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Heart disease is one of the leading causes of death for adults in America and is something many people live with for the rest of their lives. With this in mind, it is understandable to question if it can be reversed. After all, the ability to do so would dramatically improve lives while simultaneously improving health outlooks. 

So, can heart disease be reversed? If it can’t, what lifestyle changes and treatment options are there? Keep reading to discover the answers to these questions and more. 

Related: How to Keep Your Heart Healthy

Can Heart Disease Be Reversed? 

Heart disease comes from a buildup of fatty material in your arteries. These obstruct your arteries and make it harder for them to do their job. This goes on to cause the problems associated with heart disease. 

Unfortunately, once you have heart disease, you cannot get rid of it. The fatty material in your arteries won’t leave, and no medical treatment can currently remove it. 

A mother and son running next to a bridge in NY

Preventing Heart Disease

The irreversible nature of heart disease makes preventing it in the first place a priority. Prevention starts with understanding the difference between the controllable and uncontrollable risk factors that contribute to the development of heart disease. 

Controllable factors can be managed. By staying on top of these, anyone can minimize their risk of developing heart disease. 

However, uncontrollable factors play a part too. Things like family history, age, and gender all have an impact on the likelihood that an individual will develop heart disease.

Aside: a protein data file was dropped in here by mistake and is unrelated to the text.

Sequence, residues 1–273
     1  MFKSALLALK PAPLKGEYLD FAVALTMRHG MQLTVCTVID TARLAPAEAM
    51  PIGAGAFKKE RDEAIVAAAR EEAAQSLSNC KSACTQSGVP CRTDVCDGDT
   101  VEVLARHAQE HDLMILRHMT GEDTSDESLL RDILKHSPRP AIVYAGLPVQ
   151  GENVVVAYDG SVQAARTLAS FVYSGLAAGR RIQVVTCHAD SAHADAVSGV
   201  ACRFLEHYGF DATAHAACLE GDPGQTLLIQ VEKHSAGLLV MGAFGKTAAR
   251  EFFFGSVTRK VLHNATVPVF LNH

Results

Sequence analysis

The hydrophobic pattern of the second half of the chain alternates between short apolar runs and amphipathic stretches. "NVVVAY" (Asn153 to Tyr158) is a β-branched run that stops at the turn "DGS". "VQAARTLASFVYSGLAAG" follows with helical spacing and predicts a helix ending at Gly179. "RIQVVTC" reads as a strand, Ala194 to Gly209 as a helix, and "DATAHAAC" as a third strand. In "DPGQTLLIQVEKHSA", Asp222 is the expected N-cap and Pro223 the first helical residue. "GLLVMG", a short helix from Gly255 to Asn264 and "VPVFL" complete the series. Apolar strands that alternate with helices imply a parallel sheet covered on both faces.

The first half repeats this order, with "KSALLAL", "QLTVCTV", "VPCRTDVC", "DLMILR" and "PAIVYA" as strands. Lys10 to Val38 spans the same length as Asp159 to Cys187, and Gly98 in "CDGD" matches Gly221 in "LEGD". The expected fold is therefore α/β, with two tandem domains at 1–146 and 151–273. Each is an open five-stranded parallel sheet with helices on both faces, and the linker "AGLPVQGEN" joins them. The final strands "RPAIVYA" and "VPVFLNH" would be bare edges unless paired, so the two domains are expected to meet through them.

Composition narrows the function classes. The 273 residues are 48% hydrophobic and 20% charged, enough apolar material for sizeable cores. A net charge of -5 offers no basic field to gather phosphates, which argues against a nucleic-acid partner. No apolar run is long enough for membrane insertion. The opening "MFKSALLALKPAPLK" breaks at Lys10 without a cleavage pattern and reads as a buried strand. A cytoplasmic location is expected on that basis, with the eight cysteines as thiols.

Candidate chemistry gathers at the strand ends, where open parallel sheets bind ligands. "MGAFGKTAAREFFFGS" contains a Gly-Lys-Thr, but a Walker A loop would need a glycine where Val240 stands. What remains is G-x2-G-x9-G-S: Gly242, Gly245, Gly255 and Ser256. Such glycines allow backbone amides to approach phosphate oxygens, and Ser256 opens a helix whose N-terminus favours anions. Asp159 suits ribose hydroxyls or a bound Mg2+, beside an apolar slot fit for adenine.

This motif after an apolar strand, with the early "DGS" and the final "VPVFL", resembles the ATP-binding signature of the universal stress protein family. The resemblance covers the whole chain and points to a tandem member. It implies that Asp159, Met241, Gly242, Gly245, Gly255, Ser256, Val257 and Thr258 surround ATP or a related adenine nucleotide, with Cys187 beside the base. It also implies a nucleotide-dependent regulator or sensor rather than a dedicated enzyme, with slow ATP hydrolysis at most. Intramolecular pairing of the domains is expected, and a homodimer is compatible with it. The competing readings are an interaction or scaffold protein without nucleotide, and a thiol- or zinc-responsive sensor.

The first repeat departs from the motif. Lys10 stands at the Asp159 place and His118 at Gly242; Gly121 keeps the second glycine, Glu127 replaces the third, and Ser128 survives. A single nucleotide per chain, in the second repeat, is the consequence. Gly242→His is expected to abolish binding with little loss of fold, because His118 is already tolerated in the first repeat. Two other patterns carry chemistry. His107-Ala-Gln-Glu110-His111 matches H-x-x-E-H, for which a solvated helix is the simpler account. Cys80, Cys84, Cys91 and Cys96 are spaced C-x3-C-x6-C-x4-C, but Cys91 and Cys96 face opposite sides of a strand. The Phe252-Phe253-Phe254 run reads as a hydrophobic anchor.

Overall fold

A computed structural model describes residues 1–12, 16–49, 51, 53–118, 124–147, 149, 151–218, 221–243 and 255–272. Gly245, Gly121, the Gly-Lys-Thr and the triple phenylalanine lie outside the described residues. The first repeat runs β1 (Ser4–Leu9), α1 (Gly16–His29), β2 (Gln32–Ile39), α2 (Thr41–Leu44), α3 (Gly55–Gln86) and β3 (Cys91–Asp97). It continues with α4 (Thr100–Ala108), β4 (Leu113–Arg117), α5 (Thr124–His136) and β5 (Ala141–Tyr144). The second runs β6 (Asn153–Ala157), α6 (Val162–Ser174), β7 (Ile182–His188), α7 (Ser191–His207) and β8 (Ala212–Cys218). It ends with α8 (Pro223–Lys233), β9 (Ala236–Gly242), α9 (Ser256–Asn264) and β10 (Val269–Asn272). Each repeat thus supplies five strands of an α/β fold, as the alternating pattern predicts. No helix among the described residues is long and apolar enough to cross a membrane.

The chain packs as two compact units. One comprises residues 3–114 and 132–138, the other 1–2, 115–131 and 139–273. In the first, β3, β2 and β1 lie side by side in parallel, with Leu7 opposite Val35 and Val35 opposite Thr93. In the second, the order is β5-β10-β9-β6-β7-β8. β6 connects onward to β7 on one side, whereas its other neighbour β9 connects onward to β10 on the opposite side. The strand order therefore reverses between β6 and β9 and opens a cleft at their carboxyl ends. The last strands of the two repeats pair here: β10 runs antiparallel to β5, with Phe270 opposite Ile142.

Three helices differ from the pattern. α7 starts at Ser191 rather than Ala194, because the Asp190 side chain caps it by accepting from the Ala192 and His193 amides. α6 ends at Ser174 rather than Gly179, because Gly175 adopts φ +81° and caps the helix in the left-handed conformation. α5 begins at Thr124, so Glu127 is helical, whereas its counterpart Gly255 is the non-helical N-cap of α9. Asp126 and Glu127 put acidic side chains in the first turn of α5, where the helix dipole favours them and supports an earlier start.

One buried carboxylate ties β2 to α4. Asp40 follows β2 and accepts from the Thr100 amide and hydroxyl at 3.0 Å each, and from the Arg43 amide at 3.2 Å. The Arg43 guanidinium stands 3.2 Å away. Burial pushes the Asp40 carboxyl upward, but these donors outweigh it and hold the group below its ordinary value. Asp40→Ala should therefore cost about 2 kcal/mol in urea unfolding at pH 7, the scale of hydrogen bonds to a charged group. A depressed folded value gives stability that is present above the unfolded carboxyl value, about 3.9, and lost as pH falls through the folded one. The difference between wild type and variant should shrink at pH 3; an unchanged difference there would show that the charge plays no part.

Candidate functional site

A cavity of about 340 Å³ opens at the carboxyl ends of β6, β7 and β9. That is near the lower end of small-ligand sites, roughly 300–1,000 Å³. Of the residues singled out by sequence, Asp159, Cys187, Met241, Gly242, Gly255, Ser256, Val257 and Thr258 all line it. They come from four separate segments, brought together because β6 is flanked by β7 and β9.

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So, preventing heart disease is about looking at these risk factors and doing whatever is possible to minimize the total risk. This means accepting that some risks will always be present due to uncontrollable factors. Then you must take advantage of controllable factors to ensure no additional risk is added. This is particularly important for anyone with a lot of risk from uncontrollable factors, as they will be more interested in doing any more damage to their cardiovascular system. 

Minimizing Controllable Heart Disease Risks

The controllable risks relating to heart disease are plentiful. However, a few greatly impact health and are more prevalent than others. 

Physical Activity

Physical activity is one of the best ways to fight against heart disease. Physical activity pushes an individual’s cardiovascular system to work more and, in doing so, helps reduce the buildup of fatty material. 

Cardiovascular exercises are a great way to do this. Exercises like this are better at minimizing the risk of heart disease when compared to other exercises, like strength training. 

Physical activity doesn’t just mean exercise, though. More people have jobs that require them to spend all day sitting in an office than ever before. Many then go on to spend the rest of their day sitting at home. A rise in sedentary lifestyles like this is a major contributor to the rise in heart disease. 

This can easily be rectified by adding some movement into the routine. People can take a break from their computers on a regular basis and simply walk around to get their blood flowing. A simple change like this can profoundly impact heart disease risk factors. 

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The other major controllable heart disease risk factor is diet. What someone puts into their body has a direct impact on the health of their cardiovascular system.